George Vafiadis, who founded the Acadia Repertory Theatre in Mount Desert, the Penobscot Theatre in Bangor and L/A Public Theatre in the twin cities of Lewiston-Auburn, died Wednesday, March 9, from Parkinson’s disease complications in Bradenton, Fla. The actor, stage director, voice-actor and theater producer was 88.
Vafiadis, who performed as a regular on the HBO series “The Wire” among many highlights from his lengthy career, has been a major force in Maine’s theater world. In 1973, he and local artist and theatrical producer Louis Collier formed a summer stock company called the Acadia Repertory Theatre in the rustic Masonic Hall in the Mount Desert village of Somesville. That troupe has become one of Maine’s longest continually producing theaters (except for a 2020 COVID hiatus). As an offshoot of Acadia Rep, he founded the Penobscot Theatre Company in 1983. And in 1990, he started the L/A Public Theatre in the Lewiston-Auburn area. All three theaters continue to operate to this day and owe their existence to Vafiadis and his commitment to the concept of regional theater production.
Ken Stack, Husson University’s Director of Entertainment Production, worked as an actor and director with George for years. The two worked together on more than 60 theater productions.
“George had an amazing capacity to instill energy and creative passion into the process of making theater. Even in the early days of the Acadia Rep. We were working in horrible conditions. We couldn’t afford to heat the winter theater unless we had an audience,” Stack recalled Friday. “So we would rehearse in our winter coats, which became rather cumbersome when practicing swordfights! But George’s commitment to the story and the emotional line of each character kept us going at a fever pitch. It was this passion that built the foundation of three separate theater companies here in Maine.”
“All of us benefit today from his boundless energy and dedication,” Stack continued. “And his respect for the craft of the actor never waivered.”
Born on Jan. 23, 1934, in Hackensack, N.J., George was the son of Nicholas Vafiadis and Xanthe Mamukari Vafiadis. After his father’s death, the family moved to San Antonio, Texas, where George would eventually study theater at the University of Texas at Austin. There, he worked with legends B. Iden Payne and Francis Hodge, who shaped so much of his views on theatre production and ensemble acting. Later he would continue his training by studying with Dimitris Rondiris at the Greek National Theatre in Epidaurus. That experience inspired him, throughout his life, to share the power, clarity and beauty of the classic Greek tragedies from his ancestral home.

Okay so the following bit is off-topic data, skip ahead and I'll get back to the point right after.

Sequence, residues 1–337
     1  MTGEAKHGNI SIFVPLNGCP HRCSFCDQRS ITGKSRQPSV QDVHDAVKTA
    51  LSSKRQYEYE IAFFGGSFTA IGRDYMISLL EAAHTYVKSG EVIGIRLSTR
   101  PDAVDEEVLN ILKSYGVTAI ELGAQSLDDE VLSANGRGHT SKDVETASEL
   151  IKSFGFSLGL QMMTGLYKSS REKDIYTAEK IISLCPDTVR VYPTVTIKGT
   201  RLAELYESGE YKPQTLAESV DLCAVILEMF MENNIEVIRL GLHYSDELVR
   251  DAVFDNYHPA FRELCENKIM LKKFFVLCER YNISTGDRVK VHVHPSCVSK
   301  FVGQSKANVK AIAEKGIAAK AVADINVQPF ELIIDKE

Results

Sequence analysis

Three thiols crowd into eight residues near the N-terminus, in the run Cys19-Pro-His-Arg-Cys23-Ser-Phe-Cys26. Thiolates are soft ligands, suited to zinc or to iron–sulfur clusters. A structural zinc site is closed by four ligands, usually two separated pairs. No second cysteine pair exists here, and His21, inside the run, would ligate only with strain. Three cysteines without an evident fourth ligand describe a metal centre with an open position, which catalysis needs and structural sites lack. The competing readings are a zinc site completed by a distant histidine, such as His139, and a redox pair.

As a professional actor, George worked for dozens of regional theaters across the country including the Oregon Shakespeare Festival, Theatre Impact, the Repertory Theatre of St. Louis, Cleveland Playhouse and the Great Lakes Shakespeare Festival.
His film and television work began with a broadcast of “The Rivalry” produced by David Susskind for his series “Esso Repertory Theatre,” and originally staged by the Cleveland Playhouse. This was a dramatization of the Lincoln-Douglas debates, and began George’s lifelong love of Abraham Lincoln, who was to reappear in his professional work for the rest of his life. George also appeared in the film “27 Dresses.”
His love, though, was with the theater and especially the classics, from Sophocles to Shakespeare. He would go on to perform in over 100 plays as well as produce and direct another 80 in regional theaters and colleges across the country.
One of his favorite accomplishments at the Penobscot Theatre was the creation of a foreign director program, presenting plays mounted by European directors Patrick Laffin (Abbey Theatre, Dublin), Vasek Simek (Prague, Czechoslovakia) and Dame Joan Knight (Perth, Scotland). George exchanged directorial duties with Joan Knight and traveled to Scotland to direct “The Gin Game” in 1988.
When the average artist would perhaps start to relax and reflect, George chose to enter into another career as a voice actor, recording audio books, including the complete and unabridged King James Version of both the Old and New Testaments, and Lincoln’s Letters, both of which won the national audiobook of the year award. His love of Lincoln led to his writing and performing “Mr. Lincoln’s Public Opinion Bath,” a full-length, one-person show which premiered at the Acadia Rep and was later performed for schools and theaters across New England.
Finally, the white sand beaches of Sarasota, Fla., called and George and his wife, Katherine Knowles, retired to this community in 2013 where both of them continued to contribute to the world of the performing arts, she as a grant writer and he as a guest lecturer and author, having completed his autobiography, “A Flame: The Fire of a Stage Actor.”
George is survived by his loving wife, Katherine, sister-in-law, Elaine Vafiadis, and by countless artists and audiences who have benefited from his passionate commitment to the world of live theater.
Remembering George Vafiadis
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